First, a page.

I can only imagine the number of people who, had they the presence of mind to consider this eventuality, would act differently either in the writing of their will or their management of their communications. I am sure that this is already something lawyers advise their clients about when discussing their plans for their estate, but for many, death comes before they have the chance to fully consider these things. As generations who have grown up on the internet start to encounter the issue in earnest, I have no doubt that the message will spread, but I can't help but feel it should be spreading already. So: what would your heirs find tucked away in the back of your online closet? And if the answer to that is something you'd rather not think about, perhaps we should support the shift to privacy in more aspects of the digital world.
Ke Huang, MJLST Lead Articles Editor
The Health Information Technology for Economic and Clinical Health Act of 2009 (HITECH Act) generally provides that, by 2015, healthcare providers must comply with the Act's electronic health record (EHR) benchmarks, or, the government would reduce these providers' Medicare payments by one percent.
These provisions of the HITECH Act are more than a health policy footnote. Especially for attorneys, the growing use of EHRs raises several legal issues. Indeed, in Volume 10, Issue 1 of the Minnesota Journal of Law, Science & Technology, published six years ago, Kari Bomash analyzes the consequence of EHRs in three legal-related aspects. In Privacy and Public Health in the Information Age, Bomash discusses how a Minnesota Health Records Act amendment relates to: (1) privacy, especially consent of patients, (2) data security (Bomash was almost prescient given the growing security concerns), and (3) data use regulations that affect medical doctors.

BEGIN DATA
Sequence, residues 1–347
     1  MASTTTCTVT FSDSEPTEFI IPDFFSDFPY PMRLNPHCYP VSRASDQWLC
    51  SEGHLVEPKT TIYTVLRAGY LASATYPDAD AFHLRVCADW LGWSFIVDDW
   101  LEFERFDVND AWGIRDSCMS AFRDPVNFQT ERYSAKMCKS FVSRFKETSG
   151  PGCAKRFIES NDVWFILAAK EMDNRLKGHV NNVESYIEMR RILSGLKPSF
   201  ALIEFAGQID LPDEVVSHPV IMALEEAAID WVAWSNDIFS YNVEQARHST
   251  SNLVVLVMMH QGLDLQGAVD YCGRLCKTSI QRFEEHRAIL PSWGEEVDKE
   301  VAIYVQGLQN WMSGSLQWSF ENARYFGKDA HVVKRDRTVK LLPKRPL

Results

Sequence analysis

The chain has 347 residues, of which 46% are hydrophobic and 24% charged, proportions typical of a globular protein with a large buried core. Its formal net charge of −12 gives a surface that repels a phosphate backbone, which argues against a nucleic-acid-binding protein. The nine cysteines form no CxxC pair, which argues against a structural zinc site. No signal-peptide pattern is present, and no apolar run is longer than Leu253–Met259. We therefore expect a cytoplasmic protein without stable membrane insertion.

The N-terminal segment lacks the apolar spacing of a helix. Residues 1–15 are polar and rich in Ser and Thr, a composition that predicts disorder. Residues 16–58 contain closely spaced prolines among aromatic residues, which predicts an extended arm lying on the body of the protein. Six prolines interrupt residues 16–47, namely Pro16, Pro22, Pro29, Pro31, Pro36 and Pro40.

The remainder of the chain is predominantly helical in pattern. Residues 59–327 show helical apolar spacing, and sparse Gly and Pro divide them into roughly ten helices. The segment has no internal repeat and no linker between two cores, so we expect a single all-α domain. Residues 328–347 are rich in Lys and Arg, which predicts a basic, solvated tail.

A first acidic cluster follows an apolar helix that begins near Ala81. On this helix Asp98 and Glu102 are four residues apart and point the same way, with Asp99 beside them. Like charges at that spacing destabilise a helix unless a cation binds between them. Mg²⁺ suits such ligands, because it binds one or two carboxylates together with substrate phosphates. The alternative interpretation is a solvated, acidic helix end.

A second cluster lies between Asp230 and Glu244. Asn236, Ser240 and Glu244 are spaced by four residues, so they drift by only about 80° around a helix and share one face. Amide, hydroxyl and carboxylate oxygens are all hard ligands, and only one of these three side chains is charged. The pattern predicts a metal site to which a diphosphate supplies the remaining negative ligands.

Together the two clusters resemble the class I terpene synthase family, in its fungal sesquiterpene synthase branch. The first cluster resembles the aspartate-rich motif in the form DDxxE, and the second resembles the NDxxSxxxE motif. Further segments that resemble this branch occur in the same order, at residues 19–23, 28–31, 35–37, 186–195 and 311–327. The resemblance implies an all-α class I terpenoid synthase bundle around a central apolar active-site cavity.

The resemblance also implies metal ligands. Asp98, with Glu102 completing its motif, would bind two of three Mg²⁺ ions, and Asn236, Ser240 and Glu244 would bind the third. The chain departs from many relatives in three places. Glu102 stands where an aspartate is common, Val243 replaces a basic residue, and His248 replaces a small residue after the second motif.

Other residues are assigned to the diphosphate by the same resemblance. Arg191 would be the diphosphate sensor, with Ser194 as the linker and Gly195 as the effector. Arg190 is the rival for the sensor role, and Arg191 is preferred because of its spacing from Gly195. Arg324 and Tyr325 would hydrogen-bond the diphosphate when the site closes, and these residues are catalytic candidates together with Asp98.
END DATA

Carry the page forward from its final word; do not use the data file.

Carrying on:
Bomash's discussion is not exhaustive. EHRs also raise legal issues running the gamut of intellectual property, e-discovery, to malpractice. Given that software runs EHRs, IP industry is very much implicated. So much so that some proponents of EHR even support open source. (Another MJLST Article explains the concept of open source.)
E-discovery may be more straightforward. Like other legal parties maintaining electronic stored information, health entities storing EHR must comply with court laws governing discovery.
And malpractice? One doctor suggested in a recent Wall Street Journal op-ed that EHR interferes with a doctor's quality of care. Since quality of care, or lack thereof, is correlated with malpractice actions, commentators raised the concern that EHR could raise malpractice actions. A 2010 New England Journal of Medicine study addressed this topic but could not provide a conclusive answer.
Even my personal experience with EHRs is one of the reasons that lead me to want to become an attorney. As a child growing up in an immigrant community, I often accompanied adult immigrants, to interpret in contract closings, small-business transactions, and even clinic visits. Helping in those matters sparked my interest in law. In one of the clinic visits, I noticed that an EHR print-out of my female cousin stated that she was male. I explained the error to her.
"I suppose you have to ask them to change it, then," she said.
I did. I learned from talking to the clinic administrator the EHR software was programmed to recognize female names, and, for names that were ambiguous, as was my cousin's, the software automatically categorized the patient as male. Even if my cousin's visit was for an ob-gyn check-up.
Ian Blodger, MJLST Staff Member